Children have been largely spared from the worst impacts of COVID-19 but now children around the world infected with the COVID-19 are developing new symptoms of a rare inflammatory disease. This highlights a new potential risk for children in the pandemic.
The symptoms developed are similar to the Kawasaki disease or toxic-shock syndrome. Kawasaki disease is a mysterious illness that primarily affects children up to the age of five. It causes the walls of arteries to become inflamed, resulting in fever and joint pain.
Though frightening, most recover without serious issues from the Kawasaki disease but with this new illness, some critically affected children are ending up in intensive care units with shock-like symptoms. New York has seen its first death from this rare illness caused by COVID-19.
A 5-year-old boy in New York has died from this inflammatory illness linked to COVID-19. Health officials are also investigating 73 similar cases reported across New York. All of these children have exhibited symptoms similar to Kawasaki disease when infected with COVID-19.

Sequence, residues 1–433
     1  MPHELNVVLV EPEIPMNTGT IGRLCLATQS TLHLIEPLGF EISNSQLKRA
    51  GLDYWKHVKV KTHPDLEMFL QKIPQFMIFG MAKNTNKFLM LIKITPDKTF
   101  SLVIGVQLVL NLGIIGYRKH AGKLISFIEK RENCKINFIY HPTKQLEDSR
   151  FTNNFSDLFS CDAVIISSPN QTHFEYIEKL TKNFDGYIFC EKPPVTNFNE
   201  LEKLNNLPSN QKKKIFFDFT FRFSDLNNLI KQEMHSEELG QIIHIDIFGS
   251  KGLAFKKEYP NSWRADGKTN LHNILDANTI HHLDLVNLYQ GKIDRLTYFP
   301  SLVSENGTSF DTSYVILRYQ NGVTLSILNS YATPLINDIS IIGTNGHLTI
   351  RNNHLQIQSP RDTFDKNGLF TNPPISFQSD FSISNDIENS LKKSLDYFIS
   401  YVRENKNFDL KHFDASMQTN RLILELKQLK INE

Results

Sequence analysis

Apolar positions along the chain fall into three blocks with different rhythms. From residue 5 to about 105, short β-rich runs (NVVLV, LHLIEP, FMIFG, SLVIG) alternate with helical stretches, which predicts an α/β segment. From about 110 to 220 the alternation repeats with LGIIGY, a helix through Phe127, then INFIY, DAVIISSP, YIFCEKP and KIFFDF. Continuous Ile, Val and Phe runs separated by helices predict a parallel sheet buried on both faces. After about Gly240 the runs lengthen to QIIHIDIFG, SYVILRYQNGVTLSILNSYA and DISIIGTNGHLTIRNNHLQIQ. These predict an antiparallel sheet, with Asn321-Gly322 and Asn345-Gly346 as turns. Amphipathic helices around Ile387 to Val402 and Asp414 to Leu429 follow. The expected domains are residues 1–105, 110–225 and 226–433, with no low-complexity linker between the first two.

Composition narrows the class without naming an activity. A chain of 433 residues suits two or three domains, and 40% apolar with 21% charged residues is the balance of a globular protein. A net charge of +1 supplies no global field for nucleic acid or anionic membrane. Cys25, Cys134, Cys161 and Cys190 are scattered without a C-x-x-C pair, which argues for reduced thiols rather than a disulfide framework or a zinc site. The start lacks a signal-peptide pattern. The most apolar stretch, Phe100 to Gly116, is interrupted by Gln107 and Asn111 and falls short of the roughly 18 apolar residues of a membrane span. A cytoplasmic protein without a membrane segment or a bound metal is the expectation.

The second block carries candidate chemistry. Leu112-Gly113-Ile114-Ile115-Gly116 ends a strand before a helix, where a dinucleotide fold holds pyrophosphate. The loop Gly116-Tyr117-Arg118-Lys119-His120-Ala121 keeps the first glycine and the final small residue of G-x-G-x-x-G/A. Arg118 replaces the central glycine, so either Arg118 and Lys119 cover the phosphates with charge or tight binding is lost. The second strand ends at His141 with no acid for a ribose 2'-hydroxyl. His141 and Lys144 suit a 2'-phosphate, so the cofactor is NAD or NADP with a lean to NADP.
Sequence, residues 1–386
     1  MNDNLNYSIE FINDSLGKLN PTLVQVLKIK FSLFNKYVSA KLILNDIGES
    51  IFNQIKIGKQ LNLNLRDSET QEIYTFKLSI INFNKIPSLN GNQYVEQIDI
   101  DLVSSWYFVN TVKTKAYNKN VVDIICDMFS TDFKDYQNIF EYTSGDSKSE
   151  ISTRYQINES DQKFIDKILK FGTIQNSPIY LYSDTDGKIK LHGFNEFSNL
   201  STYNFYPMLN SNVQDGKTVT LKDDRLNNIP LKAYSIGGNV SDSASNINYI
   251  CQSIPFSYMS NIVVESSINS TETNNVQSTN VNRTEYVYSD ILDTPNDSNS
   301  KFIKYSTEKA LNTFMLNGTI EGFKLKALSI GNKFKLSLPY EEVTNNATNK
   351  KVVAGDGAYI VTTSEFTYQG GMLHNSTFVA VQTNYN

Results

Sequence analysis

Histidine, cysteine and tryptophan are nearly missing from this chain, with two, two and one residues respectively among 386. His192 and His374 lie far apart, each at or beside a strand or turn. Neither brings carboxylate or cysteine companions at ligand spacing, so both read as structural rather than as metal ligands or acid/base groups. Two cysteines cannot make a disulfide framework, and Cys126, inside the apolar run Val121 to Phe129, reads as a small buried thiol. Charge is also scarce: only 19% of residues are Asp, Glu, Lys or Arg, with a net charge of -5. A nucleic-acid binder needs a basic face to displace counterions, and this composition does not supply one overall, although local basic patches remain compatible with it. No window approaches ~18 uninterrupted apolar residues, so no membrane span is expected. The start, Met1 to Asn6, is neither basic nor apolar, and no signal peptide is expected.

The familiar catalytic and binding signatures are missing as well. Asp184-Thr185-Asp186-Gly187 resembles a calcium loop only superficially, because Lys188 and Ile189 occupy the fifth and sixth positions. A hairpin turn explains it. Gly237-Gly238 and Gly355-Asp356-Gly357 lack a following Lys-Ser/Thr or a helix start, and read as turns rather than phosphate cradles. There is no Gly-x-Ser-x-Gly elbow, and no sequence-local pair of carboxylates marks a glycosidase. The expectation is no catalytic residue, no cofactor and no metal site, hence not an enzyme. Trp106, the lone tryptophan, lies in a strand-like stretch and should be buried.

“While rare, we’re seeing some cases where children affected with the coronavirus can become ill with symptoms similar to the Kawasaki disease or toxic shock-like syndrome that literally causes inflammation in their blood vessels. This past Thursday, a five-year-old boy passed away from COVID-related complications. And the state department of health is investigating several other cases,” says New York Governor Andrew Cuomo.
COVID-19 similar to the Kawasaki disease?
Some of the symptoms of both the diseases overlap in children but the mysterious illness in COVID-19 patients causes severe abdominal pain, nausea and vomiting than the Kawasaki disease. The Kawasaki disease also majorly impacts heart vessels but in the COVID-19 associated illness– only a few cases describe any vessel inflammation.
The age of the children affected by this mysterious illness is also not typical of the Kawasaki disease. Many children infected with this illness are above the age of 5.